It had the makings of a perfect, time-efficient workout: cross-trainers laced up tight, water bottle at the ready, my favorite cardio machine lined up with a ball game on the gym screens. Just one critical decision remained: music. Debating briefly between new alternative or classic rock crank, I settled in on The Rolling Stones' Exile on Main Street and got set to sweat.
But there was one problem. Try as I might, I could not get the headphone plug into the iPod's jack. I fiddled and jimmied and cajoled the plug but it simply would not fit into the hole. Argh! I put my headphones and pod aside and settled into the workout, toiling to the overhead PA's tame musical selections.
At home I was anxious. Had my beloved iPod, after three years of rock solid service, played its last playlist? After fiddling unsuccessfully with the jack for a few minutes, my mind began pricing new models and features. What color would the new one be? Where would I find the best price? Which features would I want? And then the guilty thought struck me: I was already designating the pod for the landfill before even thinking about whether it could be fixed.
Like most people, I have become accustomed to the idea that anything electronic has a short and finite lifespan, that replacing gadgets is synonymous with "upgrading," and that owning the latest technology somehow makes me cool. But it's time for a new electronic ethos: keep it alive.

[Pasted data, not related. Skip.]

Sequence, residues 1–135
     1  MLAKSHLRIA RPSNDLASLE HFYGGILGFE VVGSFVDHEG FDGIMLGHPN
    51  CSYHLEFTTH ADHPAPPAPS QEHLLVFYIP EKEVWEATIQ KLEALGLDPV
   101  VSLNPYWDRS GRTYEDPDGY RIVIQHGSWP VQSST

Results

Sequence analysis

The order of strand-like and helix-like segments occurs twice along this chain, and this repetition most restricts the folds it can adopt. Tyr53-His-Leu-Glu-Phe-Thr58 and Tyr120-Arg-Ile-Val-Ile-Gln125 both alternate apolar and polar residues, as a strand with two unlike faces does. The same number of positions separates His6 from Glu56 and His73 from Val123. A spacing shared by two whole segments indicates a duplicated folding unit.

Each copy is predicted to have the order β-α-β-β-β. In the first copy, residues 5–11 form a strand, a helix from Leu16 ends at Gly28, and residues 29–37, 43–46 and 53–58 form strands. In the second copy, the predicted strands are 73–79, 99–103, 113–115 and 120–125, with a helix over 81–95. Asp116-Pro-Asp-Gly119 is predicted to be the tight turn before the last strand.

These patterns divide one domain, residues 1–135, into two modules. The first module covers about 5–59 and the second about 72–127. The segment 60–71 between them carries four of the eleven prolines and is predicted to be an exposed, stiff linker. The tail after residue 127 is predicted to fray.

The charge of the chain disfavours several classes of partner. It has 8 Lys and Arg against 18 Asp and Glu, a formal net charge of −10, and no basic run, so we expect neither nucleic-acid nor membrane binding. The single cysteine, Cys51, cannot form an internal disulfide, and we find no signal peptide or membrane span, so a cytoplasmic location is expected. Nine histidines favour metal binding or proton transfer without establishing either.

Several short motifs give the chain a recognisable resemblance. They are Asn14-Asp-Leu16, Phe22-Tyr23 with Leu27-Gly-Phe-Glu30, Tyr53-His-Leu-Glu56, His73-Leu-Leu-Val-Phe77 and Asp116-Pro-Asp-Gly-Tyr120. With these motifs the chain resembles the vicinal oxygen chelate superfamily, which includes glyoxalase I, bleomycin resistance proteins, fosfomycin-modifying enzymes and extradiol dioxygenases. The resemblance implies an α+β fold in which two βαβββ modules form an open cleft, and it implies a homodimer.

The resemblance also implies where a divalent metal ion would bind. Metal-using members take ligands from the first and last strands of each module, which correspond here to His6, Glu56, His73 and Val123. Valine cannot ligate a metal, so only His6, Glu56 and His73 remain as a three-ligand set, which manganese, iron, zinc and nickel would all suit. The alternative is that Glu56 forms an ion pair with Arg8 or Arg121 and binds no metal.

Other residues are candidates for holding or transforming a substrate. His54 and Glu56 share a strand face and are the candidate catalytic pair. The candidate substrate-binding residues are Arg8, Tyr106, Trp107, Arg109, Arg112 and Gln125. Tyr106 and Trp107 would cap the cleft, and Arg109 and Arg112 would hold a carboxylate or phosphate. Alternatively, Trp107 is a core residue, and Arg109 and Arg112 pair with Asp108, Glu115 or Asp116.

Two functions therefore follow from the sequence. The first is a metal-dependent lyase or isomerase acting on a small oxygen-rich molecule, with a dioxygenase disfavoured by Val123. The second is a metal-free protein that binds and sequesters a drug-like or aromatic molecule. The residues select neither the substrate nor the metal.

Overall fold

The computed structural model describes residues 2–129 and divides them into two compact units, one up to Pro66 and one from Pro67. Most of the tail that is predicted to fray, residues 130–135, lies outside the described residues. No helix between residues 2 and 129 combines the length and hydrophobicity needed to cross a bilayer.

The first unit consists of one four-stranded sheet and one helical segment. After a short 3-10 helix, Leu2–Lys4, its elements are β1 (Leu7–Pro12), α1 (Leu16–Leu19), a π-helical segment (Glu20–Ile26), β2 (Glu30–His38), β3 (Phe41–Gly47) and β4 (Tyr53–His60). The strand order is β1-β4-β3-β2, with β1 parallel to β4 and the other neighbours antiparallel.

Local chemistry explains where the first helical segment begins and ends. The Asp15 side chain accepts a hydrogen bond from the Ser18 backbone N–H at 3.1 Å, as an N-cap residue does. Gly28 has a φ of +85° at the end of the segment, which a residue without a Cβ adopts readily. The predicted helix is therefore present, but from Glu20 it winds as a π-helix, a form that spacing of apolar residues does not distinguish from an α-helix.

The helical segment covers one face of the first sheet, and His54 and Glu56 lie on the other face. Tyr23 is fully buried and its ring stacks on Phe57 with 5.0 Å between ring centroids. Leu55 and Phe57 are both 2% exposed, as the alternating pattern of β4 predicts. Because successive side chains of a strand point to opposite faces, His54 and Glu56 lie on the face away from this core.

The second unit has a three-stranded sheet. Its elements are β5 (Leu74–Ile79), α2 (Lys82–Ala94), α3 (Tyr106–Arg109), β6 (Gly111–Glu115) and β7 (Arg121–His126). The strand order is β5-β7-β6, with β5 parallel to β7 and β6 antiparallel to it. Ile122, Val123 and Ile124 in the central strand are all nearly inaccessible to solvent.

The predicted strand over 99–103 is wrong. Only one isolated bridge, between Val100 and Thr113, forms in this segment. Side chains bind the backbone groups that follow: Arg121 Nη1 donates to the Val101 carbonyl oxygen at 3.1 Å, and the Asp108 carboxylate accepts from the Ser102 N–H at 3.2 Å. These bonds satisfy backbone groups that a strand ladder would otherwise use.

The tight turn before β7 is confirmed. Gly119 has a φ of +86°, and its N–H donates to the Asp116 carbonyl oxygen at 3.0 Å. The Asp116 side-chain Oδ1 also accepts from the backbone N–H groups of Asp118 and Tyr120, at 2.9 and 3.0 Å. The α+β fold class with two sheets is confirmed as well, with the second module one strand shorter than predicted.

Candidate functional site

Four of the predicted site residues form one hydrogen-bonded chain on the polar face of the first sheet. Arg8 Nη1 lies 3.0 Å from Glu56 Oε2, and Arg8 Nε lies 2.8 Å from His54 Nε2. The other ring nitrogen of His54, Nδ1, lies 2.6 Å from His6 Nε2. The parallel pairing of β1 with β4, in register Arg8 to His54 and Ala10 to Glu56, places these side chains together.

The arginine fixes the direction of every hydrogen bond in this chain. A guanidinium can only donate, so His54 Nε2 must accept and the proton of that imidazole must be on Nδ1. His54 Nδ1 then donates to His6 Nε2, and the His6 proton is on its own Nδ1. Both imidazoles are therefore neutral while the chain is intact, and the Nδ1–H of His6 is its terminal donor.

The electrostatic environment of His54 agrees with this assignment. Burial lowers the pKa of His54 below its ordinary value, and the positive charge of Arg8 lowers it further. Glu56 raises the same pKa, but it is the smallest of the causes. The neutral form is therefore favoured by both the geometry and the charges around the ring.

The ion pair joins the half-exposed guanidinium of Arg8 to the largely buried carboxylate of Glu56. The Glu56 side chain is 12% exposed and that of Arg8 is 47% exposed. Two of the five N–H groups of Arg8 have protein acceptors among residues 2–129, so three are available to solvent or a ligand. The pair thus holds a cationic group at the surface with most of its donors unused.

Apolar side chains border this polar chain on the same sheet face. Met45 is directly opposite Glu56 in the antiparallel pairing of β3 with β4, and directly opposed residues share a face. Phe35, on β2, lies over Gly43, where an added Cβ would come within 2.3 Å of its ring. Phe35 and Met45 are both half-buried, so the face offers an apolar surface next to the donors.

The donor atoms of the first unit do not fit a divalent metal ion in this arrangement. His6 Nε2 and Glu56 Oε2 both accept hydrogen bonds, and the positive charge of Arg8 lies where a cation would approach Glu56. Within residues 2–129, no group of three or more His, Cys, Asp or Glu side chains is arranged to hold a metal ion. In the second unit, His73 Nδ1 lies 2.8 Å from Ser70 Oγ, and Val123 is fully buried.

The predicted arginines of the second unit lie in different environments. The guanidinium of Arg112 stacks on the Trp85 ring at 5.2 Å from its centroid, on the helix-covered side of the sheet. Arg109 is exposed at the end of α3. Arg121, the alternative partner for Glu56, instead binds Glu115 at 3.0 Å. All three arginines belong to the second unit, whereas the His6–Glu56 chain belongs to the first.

I found a man calling himself "The iPod Surgeon" on the web. He worked out of his house, about five miles from me. I made an appointment (coinciding with another errand I needed to run in the same neighborhood) and within 10 minutes of stepping into his tiny workshop, he had popped the case and replaced the headphone jack. For $40, my pod was good as new.
I had kept a piece of toxic waste out of the landfill, reduced by one the demand for a new piece of technology that was assembled in China and shipped here from overseas, and I had saved myself at least $100. Perhaps more importantly, I had come to the realization that older equipment should be celebrated and kept in service as long as possible (assuming it's not grossly energy inefficient or a pollution hazard).
Yes, there are far fewer repair shops around these days. But the web makes finding repair providers easier than ever. Whether it's an appliance (we had our vacuum and dryer repaired this year), a computer (you'll likely find someone who will make house calls), or even a favorite piece of luggage (try you shoe repair shop or dry cleaner), there's someone who wants to help you keep that workhorse piece of gear on the job.
Some things you should definitely consider repairing before replacing:
- • Appliances
- • Shoes
- • Clothes
- • Furniture
- • Electronics
- • Luggage
- • Tools
And if saving money, celebrating the craftsmanship that went into the product's manufacture in the first place, reducing the demand for new goods, and keeping waste out of landfills isn't enough incentive, consider the satisfaction you'll have knowing in you've tread just a little bit more lightly on the earth.
Peter Hammersly, NBC.com